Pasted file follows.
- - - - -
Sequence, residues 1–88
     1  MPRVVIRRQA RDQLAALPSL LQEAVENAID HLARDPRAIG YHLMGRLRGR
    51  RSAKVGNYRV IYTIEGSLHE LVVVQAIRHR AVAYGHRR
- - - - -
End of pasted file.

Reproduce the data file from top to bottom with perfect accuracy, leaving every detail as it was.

Sequence, residues 1–88
     1  MPRVVIRRQA RDQLAALPSL LQEAVENAID HLARDPRAIG YHLMGRLRGR
    51  RSAKVGNYRV IYTIEGSLHE LVVVQAIRHR AVAYGHRR